In his report, Surgeon General Richard Carmona says there is massive and conclusive evidence that secondhand smoke can cause a long list of ailments - including lung cancer, heart disease and sudden infant death syndrome.
Carmona notes even short-term exposure to secondhand smoke can harm the cardiovascular system. The surgeon general says evidence shows that separating smokers from non-smokers, cleaning the air and ventilating buildings cannot eliminate the exposure of non-smokers to secondhand smoke. He says the only way to fully protect non-smokers is to eliminate smoking in indoor spaces.
The report was immediately embraced by many public health advocates.
"For the Surgeon General to come out and say "no safe level" and "immediate adverse effects," those are strengthening boosters to the science that we knew was there all along," said Pat McKone, president-elect of the Minnesota Smoke-Free Coalition.
The report is an update to a 1986 Surgeon General's report that for the first time quantified the health risks posed to non-smokers exposed to tobacco smoke. In the 20 years since, the body of science research on secondhand smoke has grown significantly.
McKone says now there's much more information on the potential harm of short-term exposure.
"The first one talked more about long-term exposure," McKone said. "And I think it's only been in the last five years that we've really learned about those cardiac risks - that indeed as little as 30 minutes of exposure have adverse health effects on the heart. We did not know that 20 years ago."
McKone calls the findings a turning point in the battle against tobacco smoke. She hopes now it will be easier to convince lawmakers to pass a statewide smoking ban that applies to bars and restaurants. Fourteen other states have already passed similar measures. State Sen. Scott Dibble, DFL-Minneapolis, sponsored a statewide smoking ban bill last year that failed to get enough support in the Legislature. But he's optimistic that the surgeon general's report has greatly improved his chances.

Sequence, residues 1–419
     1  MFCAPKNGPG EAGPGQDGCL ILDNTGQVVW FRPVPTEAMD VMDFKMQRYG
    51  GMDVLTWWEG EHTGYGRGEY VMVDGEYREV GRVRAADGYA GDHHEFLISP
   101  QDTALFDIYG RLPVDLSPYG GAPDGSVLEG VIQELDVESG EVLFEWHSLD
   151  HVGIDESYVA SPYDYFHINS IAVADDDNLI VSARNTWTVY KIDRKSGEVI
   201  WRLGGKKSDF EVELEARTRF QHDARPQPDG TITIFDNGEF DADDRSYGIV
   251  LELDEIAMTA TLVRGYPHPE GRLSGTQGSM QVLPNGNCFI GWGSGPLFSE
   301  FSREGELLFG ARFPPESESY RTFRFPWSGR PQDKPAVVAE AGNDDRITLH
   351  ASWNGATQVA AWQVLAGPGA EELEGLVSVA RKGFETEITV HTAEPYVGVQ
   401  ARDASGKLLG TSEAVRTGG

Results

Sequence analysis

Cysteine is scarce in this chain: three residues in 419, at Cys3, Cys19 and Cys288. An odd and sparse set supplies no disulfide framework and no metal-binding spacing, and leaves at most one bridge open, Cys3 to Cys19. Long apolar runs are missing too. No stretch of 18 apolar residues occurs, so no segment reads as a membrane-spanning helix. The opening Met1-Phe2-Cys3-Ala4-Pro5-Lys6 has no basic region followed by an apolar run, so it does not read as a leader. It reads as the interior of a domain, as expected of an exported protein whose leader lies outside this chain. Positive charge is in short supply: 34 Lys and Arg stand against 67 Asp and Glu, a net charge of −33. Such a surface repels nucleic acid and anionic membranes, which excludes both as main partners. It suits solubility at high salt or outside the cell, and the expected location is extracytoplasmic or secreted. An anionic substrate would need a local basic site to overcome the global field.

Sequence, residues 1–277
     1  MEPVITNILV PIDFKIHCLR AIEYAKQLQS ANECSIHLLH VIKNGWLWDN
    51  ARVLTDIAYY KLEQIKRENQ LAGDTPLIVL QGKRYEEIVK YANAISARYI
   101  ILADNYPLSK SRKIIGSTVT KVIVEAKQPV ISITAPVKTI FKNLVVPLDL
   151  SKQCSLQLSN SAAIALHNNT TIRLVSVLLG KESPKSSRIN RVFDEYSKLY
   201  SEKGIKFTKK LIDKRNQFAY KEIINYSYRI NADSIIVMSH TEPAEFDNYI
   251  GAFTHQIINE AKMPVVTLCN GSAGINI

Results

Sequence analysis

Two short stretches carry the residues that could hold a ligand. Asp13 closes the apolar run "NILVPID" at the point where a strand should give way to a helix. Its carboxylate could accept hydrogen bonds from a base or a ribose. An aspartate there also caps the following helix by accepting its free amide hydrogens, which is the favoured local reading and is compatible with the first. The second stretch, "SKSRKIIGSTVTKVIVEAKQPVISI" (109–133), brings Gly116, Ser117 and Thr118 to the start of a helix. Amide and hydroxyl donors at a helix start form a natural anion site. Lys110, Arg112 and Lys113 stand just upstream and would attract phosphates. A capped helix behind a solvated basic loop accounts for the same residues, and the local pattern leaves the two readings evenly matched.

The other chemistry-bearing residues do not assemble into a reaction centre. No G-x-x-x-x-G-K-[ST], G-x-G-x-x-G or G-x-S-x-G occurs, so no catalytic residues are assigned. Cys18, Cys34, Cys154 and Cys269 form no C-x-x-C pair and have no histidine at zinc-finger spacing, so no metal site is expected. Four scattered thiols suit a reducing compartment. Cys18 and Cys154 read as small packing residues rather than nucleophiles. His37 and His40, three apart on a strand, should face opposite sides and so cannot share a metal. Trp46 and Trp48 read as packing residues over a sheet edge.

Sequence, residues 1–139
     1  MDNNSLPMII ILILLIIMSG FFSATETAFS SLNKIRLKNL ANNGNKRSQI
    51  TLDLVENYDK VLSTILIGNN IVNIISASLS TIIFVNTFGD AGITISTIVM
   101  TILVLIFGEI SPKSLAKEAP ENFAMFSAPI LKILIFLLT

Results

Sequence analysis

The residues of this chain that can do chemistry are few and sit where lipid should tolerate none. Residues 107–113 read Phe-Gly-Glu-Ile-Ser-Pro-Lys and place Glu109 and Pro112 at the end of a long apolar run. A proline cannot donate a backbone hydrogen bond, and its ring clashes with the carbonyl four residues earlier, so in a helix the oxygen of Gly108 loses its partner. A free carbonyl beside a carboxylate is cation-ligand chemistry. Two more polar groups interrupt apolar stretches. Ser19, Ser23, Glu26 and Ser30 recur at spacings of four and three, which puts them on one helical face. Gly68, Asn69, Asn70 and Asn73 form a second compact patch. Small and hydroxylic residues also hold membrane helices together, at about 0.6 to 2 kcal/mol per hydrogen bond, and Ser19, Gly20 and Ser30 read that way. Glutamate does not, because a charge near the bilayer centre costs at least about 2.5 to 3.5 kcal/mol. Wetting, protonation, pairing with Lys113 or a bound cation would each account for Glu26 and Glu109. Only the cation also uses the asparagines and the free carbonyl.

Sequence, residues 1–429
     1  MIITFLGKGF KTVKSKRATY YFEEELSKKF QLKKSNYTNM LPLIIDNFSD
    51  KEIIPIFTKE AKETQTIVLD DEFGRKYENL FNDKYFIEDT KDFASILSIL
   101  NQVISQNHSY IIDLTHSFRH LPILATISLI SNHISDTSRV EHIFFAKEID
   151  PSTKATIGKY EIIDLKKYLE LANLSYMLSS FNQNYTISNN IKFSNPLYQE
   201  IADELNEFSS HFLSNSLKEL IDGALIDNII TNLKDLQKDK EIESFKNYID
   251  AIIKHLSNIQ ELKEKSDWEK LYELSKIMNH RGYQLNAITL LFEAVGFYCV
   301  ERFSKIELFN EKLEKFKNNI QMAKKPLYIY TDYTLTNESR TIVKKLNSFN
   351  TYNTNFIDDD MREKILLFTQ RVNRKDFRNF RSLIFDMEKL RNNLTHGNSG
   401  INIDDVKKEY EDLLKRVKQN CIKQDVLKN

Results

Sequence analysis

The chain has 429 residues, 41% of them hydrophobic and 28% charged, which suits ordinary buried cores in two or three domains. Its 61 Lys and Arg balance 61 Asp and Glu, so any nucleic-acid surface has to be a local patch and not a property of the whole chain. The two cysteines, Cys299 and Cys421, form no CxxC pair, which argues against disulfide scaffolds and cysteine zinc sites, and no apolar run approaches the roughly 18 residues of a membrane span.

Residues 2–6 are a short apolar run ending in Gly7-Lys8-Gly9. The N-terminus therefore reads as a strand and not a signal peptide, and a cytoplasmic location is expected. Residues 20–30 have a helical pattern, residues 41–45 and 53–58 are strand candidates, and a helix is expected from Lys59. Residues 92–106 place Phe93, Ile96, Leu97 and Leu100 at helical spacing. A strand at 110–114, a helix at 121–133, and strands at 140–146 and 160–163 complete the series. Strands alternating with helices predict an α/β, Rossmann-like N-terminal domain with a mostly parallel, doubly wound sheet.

We'll be well-poised next year to enact a statewide ban.State Sen. Scott Dibble, DFL-Minneapolis
"We'll be well-poised next year to enact a statewide ban," Dibble said.
But Dibble says even without the backing of the surgeon general's report, momentum has been building in Minnesota for a statewide smoking ban. He credits already enacted smoking bans in several cities including Minneapolis and St. Paul for paving the way.
"We're certainly making progress at the local level," Dibble said. "We're certainly making progress in terms of public opinion. And we've certainly seen a lot of progress in terms of legislators themselves who have said they would vote for this."
But others aren't convinced a statewide smoking ban is a forgone conclusion.
Jim Farrell, executive director of the Minnesota Licensed Beverage Association, says he has no reason to doubt the Surgeon General's health-related findings. But he does disagree with a statement in the report that suggests that smoke-free laws don't harm businesses.
"The people that I represent, they've shown me their books and I can tell you, they're not lying," Farrell said.
Farrell thinks many lawmakers will remain unwilling to pass a statewide smoking ban out of concern for businesses in their districts. Instead, he predicts lawmakers will be more interested in working out a smoking ban compromise. He points to cities that have adopted partial bans that allow smoking in bars where more liquor is served than food. Or, he thinks lawmakers could look at models like the Saloon in Minneapolis. That business recently built a separate enclosed patio where patrons can smoke in comfort without exposing bar staff or other patrons to their cigarette fumes.
"That to me seems to be where the debate is headed," Farrell said. "And if public health folks oppose what the Saloon has or the idea of a smoking room like in Alberta, Canada then we're talking prohibition."
Farrell says his organization will continue pressing lawmakers to look for creative and fair solutions to the secondhand smoke debate. Public health advocates say they'll be just as busy making their case for a comprehensive statewide smoking ban.